As you may know, I am a sucker for a conversion story. And I am a sucker for the Duck Dynasty clan books. So I picked up the newest one by Jep and Jessica Robertson. It’s pretty much what you might expect, but I did enjoy reading about their youth (Jep had a somewhat different experience in his youth than Willie and Jase remember Jep having—imagine that), about how Jep and Jessica changed after their encounter with Jesus, about some of their private struggles, and about how they met. Their stories are pretty interesting, so if you like these guy like I do, try The Good, the Bad, and the Grace of God: What Honesty and Pain Taught Us About Faith, Family, and Forgiveness.
I read another conversion story right after that, and the man in this story is about as far from the Louisiana good old boys as you can get. This man was raised in a secular Jewish family on Long Island and became a bestselling author of thrillers, several of which have been made into movies. The man is Andrew Klavan and his book is The Great Good Thing: A Secular Jew Comes to Faith in Christ.
Klavan is an introspective man and much of his books delves into his inner life and thoughts in addition to the events in his life. There were four boys in the Klavan clan, and though the family was not poor nor plagued by terrible addiction issues as some of the Robertsons were, Klavan’s childhood was not happy. Klavan’s father for some reason was hostile to his middle son. He would root for Andrew’s failure and berate him and even hit him. One particular enraging event for his father was when he surprised Andrew in his room and found him, oh horrors, reading the Gospel of Luke. As Klavan notes, in retrospect, his father’s reaction to this was almost comically over the top given what he could have found Andrew doing.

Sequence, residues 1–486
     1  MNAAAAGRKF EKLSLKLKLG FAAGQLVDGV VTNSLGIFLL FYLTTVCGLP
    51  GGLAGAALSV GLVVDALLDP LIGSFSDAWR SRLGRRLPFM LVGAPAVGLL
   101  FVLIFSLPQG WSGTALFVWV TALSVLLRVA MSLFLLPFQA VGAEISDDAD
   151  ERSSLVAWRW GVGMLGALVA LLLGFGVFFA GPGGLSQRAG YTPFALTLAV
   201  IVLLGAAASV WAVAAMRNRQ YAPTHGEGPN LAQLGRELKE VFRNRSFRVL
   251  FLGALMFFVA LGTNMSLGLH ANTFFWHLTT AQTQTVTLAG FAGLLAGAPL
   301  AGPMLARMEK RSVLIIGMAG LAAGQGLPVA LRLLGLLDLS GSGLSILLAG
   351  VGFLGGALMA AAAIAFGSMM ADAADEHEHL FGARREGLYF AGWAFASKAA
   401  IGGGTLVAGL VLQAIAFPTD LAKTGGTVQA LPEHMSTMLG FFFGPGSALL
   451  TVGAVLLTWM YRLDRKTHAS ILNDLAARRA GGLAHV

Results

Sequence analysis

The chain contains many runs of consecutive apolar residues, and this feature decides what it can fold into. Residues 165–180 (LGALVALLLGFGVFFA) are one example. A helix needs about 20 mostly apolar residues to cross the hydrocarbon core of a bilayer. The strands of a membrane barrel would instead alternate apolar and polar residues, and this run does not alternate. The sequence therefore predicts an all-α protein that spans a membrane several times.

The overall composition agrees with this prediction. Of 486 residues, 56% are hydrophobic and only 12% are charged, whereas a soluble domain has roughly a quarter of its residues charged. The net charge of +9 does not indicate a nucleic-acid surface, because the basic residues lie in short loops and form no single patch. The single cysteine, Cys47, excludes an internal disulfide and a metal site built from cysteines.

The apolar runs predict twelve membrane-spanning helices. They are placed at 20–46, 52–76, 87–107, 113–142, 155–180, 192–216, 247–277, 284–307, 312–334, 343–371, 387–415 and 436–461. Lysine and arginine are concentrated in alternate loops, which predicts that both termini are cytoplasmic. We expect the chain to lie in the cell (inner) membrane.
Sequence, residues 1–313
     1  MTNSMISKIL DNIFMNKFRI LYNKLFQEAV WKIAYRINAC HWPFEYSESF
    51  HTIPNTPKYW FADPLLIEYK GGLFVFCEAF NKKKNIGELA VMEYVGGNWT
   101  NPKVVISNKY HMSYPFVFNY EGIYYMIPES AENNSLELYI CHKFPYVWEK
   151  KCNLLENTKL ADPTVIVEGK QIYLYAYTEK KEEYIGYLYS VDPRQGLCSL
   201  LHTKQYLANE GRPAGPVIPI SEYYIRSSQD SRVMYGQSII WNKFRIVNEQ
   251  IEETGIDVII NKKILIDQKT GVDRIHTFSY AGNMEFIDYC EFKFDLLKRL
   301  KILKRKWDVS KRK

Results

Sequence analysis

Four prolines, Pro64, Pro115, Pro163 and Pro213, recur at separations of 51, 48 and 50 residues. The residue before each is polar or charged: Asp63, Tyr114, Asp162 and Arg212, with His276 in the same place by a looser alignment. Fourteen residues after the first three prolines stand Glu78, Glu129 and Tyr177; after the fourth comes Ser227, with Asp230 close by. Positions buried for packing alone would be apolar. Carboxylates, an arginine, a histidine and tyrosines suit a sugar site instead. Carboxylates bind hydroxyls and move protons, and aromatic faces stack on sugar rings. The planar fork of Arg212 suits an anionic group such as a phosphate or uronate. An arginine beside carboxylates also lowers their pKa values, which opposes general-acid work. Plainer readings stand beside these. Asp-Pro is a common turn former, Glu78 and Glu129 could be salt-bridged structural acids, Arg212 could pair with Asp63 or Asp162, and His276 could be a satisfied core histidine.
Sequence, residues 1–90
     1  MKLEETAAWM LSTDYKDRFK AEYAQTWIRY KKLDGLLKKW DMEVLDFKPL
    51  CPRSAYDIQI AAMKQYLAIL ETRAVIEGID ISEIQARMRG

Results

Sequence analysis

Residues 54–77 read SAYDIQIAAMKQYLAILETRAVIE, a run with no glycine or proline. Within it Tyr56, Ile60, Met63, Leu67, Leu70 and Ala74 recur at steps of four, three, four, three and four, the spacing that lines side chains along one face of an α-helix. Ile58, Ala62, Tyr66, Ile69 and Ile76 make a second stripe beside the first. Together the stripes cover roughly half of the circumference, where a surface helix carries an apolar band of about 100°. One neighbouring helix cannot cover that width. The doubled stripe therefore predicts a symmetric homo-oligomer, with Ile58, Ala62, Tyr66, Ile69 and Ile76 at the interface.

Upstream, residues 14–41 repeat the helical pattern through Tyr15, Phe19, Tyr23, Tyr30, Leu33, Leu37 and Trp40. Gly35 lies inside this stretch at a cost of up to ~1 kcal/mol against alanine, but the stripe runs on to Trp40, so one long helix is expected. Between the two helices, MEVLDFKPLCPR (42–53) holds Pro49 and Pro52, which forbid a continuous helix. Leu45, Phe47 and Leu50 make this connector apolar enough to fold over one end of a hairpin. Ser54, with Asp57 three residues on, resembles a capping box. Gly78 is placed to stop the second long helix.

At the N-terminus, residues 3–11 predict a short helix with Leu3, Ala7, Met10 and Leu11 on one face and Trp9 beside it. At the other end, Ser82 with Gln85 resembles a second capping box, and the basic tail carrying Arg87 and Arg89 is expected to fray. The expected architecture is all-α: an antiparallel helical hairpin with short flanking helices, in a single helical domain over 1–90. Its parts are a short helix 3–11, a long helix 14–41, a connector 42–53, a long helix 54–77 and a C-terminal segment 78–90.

Klavan’s mother was dutiful but aloof and she was a devout atheist. His dad never cared much for God, but he insisted the family observe many religious Jewish traditions. Klavan found this dissonance between profession and belief crazy-making and rejected the idea of God on his own.
He left home at 17 and pursued his dream of becoming a writer. He emulated his favorite writer, Raymond Chandler, by descending into alcoholism. He suffered with depression and even had a serious mental breakdown as he meandered his way through life. So how does a 50-year-old, sophisticated secular Jew come to believe that Jesus died on the cross for his sins? You will have to read the book to get that strange and interesting story.
Duck hunters and novelists. Atheistic Jews and addicted rednecks. God is surely no respecter of persons. “For there is no difference between the Jew and the Greek: for the same Lord over all is rich unto all that call upon him.”
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